Haken at the Islington Assembly Hall, London - live review

Haken celebrate their 10th anniversary with Next To None and The Algorithm

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(Image: © Kevin Nixon)

It’s spring – hurray! – and all the clocks have gone forward. Confusingly, so has the stage time for Max Portnoy’s teenage prog metallers Next To None, so we miss their set entirely. Darn it, they would have been such a good start to tonight’s celebration of Haken’s 10th anniversary.

Big of backdrop but bijou of kit, Perpingnan duo The Algorithm fit Jean Ferry’s drums and Rémi Gallego’s keyboard, laptop and guitar rig front of stage, twiddle some settings and then blast off. They may hammer out relentless djent-powered techno rock, but they’re ready to tackle stadiums and Ibiza-sized megaclubs.

Some have never seen or heard anything like it as the adrenalised electronic barrage mows down all genres in its path: synthwave, AOR and gabba on Pointers, and manic arpeggioed dubstep drum’n’bass on Shellcode. At one point, they’re like Jean-Michel Jarre mixed with Gojira, gatecrashed by black metal (Brute Force).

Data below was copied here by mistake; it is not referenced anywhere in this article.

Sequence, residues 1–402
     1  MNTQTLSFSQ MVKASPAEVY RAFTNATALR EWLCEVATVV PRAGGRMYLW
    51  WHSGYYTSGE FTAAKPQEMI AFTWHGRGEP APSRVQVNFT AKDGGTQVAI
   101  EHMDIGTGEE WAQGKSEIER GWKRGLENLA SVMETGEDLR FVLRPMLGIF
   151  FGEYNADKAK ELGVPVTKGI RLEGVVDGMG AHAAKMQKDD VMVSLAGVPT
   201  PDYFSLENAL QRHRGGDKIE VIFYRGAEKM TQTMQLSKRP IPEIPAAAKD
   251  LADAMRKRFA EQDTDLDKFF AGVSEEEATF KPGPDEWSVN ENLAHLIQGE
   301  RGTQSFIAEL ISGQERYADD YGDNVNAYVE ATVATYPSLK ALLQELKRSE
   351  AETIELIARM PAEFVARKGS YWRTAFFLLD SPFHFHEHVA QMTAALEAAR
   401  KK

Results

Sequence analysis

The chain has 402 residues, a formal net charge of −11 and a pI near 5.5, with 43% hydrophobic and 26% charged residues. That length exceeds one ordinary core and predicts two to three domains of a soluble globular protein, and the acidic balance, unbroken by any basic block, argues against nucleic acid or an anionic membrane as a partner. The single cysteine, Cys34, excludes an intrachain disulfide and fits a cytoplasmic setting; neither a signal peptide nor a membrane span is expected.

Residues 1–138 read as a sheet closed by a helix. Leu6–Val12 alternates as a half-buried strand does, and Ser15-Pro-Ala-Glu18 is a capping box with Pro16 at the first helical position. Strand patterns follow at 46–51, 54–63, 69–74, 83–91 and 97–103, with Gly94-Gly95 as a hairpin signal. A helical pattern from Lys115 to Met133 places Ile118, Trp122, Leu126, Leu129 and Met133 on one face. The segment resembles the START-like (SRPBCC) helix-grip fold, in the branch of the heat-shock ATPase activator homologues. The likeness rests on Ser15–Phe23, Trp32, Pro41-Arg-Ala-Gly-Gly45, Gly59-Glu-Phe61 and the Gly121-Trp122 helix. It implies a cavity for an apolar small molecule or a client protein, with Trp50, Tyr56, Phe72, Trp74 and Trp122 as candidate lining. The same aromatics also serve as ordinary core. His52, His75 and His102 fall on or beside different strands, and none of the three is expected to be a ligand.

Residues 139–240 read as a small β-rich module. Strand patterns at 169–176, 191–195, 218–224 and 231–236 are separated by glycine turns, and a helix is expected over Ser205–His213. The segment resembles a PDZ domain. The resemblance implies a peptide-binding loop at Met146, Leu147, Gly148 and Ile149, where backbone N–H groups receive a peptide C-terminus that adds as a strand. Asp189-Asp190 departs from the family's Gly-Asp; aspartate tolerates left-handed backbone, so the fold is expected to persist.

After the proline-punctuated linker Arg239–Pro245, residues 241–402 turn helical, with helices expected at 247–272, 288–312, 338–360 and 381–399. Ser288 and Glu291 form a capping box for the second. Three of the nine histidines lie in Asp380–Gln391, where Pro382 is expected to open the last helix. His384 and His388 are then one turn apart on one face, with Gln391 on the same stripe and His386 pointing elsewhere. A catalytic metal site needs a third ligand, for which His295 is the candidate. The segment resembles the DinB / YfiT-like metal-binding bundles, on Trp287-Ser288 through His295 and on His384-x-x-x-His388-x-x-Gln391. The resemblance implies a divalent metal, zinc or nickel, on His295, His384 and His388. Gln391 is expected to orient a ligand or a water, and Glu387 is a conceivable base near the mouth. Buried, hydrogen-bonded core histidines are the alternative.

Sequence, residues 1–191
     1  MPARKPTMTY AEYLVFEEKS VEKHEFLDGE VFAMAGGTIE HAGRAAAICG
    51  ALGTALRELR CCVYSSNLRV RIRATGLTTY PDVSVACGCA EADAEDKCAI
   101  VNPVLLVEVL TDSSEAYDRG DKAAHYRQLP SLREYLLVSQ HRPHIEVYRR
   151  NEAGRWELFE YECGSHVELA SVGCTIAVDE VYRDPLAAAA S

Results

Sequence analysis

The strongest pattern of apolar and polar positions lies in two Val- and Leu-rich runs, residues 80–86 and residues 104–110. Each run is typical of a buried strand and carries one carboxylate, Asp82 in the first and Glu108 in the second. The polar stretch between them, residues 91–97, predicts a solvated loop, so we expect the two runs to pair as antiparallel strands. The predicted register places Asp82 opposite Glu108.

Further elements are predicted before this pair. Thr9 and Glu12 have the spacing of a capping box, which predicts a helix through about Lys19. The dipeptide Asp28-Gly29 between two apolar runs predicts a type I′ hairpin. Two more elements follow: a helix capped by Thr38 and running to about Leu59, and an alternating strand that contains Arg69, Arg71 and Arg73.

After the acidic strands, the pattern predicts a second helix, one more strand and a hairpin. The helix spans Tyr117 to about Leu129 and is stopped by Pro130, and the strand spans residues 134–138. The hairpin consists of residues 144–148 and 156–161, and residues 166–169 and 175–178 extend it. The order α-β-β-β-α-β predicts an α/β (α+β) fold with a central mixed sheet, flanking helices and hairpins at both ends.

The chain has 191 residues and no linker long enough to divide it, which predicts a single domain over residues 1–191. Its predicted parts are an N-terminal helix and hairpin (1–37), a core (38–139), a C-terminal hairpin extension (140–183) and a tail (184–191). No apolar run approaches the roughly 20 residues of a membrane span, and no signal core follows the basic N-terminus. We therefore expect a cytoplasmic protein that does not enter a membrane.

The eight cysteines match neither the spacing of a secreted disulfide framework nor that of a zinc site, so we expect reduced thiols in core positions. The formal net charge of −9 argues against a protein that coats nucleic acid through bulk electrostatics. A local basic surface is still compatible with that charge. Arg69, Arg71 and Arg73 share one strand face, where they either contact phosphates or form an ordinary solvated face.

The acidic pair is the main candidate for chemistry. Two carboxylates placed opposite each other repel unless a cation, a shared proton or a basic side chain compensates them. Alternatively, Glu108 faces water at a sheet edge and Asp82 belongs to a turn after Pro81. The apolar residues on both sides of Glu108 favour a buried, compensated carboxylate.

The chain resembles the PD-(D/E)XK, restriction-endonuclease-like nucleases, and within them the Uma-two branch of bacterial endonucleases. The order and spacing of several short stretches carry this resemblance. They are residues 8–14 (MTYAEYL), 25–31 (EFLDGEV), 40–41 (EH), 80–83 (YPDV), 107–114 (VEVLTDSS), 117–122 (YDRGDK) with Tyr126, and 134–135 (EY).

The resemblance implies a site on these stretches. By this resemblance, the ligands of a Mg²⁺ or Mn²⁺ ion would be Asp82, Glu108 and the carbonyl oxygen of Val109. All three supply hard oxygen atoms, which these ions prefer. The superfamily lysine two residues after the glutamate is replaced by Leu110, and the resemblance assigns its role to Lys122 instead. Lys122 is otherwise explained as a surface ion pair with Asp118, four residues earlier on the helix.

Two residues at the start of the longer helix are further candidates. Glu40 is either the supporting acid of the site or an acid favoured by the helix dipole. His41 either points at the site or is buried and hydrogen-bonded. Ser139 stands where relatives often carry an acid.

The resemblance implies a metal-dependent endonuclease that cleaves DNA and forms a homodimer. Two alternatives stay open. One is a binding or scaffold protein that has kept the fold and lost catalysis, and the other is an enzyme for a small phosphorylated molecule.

Finishing with Access Granted – a terrifying collision of happy hardcore and the smooth reggae of the Bergerac theme – there will be haters in the house. Fair enough, it’s confrontational and confident stuff. But if you have Squarepusher, Justice and Meshuggah in your collection, you’ll love this.

As Haken fire up Affinity.exe, there’s a noticeable difference in the sound. For all their jaw-dropping technicality, there’s always a raw, rock edge, matched by frontman Ross Jennings’ rock’n’roll flair. He wields the mic stand like Freddie Mercury, whips up a crowd like Bruce Dickinson and has vocal prowess too – even if he doesn’t always hit the note. But as a companion says, “It’s nice to hear a voice with character.”

And that’s Haken’s consistent appeal – character. Ambitious from the off with Aquarius, 2010’s mermaid-themed concept album that straddled death metal and neo-symphonic, there really is no one quite like them. Tonight’s near-two-hour set underlines the bold strides they’ve made with their fusion of old and new influences – 1985 is a perfect storm of prog pop, Super Mario widdle and crunchy djent, and yet they could still impress Marillion’s crowd.

It’s great to see former bassist Tom MacLean welcomed back with hugs to guest on Cockroach King, before The Architect’s virtuoso breakdown floors the place. But it’s the epic finale of Visions that strikes home, Jennings leading the traditional collective chant and arm-sway session.

Ten years on, and still with an exciting future ahead.